The Shape of the Universe: Ten Possibilities
The content you've requested is available without charge only to active Sigma Xi members and American Scientist subscribers.
If you are an active member or an individual subscriber, please log in now in order to access this article.
If you are not a member or individual subscriber, you can:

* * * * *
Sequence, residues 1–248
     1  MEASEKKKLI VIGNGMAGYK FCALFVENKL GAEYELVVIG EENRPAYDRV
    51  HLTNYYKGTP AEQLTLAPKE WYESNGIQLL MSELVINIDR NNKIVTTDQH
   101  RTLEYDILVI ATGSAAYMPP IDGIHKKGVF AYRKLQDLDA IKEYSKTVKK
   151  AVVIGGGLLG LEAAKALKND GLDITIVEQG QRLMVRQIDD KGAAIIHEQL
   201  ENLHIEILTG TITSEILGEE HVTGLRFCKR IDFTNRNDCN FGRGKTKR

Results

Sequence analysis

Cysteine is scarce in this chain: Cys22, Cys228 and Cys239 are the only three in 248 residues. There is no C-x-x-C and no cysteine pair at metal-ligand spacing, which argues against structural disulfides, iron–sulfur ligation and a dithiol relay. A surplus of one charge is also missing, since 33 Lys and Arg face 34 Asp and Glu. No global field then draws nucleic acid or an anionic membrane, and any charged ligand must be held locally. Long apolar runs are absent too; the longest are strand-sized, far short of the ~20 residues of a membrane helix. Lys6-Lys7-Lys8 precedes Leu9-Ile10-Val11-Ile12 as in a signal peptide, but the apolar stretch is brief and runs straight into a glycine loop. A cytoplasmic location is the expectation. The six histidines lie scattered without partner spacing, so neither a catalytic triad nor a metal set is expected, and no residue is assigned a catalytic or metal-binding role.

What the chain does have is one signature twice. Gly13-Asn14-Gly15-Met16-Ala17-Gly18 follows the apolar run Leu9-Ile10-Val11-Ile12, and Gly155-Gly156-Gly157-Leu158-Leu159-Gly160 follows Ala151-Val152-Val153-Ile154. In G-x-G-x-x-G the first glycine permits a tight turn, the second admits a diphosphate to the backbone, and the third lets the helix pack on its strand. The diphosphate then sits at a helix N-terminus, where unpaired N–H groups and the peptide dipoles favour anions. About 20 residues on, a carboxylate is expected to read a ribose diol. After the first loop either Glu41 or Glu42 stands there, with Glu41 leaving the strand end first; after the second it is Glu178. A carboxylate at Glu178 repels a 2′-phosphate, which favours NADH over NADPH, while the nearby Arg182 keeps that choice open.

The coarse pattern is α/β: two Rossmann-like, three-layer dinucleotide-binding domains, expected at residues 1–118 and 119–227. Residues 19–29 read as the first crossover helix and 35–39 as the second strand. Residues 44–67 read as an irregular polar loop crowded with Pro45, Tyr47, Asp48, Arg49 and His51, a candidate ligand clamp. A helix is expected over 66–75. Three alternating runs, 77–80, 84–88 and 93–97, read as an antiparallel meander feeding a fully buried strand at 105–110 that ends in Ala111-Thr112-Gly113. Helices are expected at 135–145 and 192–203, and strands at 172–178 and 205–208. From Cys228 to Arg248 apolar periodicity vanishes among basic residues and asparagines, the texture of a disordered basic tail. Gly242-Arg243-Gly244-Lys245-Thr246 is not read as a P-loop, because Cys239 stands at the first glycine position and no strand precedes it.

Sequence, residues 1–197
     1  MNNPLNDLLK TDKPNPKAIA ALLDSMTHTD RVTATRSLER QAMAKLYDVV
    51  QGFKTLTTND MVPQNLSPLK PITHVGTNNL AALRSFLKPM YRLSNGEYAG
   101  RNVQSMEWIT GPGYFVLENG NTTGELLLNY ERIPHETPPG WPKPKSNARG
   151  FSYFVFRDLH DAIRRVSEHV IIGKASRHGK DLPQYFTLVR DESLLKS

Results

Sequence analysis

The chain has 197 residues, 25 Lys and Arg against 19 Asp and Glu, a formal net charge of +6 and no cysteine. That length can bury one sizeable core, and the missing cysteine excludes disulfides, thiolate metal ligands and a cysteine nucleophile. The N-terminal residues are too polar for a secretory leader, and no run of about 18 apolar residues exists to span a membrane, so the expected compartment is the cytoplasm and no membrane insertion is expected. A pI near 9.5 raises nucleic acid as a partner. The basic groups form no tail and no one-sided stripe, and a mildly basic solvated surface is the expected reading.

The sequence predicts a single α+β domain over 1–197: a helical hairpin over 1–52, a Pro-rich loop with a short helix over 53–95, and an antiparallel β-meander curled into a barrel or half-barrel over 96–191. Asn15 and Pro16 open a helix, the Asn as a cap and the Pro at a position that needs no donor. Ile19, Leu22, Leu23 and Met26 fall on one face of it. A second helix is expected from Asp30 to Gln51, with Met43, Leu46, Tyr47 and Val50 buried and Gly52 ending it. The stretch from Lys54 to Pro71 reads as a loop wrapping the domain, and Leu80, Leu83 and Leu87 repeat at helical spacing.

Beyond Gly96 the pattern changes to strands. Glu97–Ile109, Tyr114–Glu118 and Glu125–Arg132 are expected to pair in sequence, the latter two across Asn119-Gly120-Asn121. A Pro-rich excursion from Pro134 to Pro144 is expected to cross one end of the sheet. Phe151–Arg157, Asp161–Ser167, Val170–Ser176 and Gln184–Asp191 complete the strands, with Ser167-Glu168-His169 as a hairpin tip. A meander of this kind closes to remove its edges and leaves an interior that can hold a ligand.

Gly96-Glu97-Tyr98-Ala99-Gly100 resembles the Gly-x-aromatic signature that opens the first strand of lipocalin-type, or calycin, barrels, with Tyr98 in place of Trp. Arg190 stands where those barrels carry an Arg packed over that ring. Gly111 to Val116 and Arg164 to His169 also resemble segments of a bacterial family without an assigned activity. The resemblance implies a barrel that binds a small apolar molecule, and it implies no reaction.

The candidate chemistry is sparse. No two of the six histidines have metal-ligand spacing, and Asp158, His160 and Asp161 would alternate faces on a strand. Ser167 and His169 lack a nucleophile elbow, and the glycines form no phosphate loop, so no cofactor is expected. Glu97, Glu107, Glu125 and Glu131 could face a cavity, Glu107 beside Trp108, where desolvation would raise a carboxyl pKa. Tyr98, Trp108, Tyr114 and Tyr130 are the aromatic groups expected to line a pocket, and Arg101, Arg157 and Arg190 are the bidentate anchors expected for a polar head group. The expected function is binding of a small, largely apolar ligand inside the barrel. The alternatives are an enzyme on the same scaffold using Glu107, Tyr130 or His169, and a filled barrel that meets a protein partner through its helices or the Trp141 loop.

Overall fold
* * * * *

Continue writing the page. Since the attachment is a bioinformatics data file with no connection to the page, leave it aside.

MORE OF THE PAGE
We live in an expanding three-dimensional universe. But what is the shape of the universe? As astronomers try to answer this question empirically, mathematicians are visualizing the possibilities. Recent predictions from cosmology, say Adams and Shapiro, indicate that the universe is most likely one of 10 of the shapes that topologists call Euclidean manifolds. They look closely at these shapes, beginning by visualizing two-dimensional analogues. The possibilities are startling: Imagine seeing copies of yourself in front and behind, yet each with a quarter-twist. Such a "quarter-twist cube space" is but one possible explanation for current observations, which astronomers hope to refine over the next decade by finely mapping and analyzing cosmic microwave background radiation, which allows us to effectively look at past universes.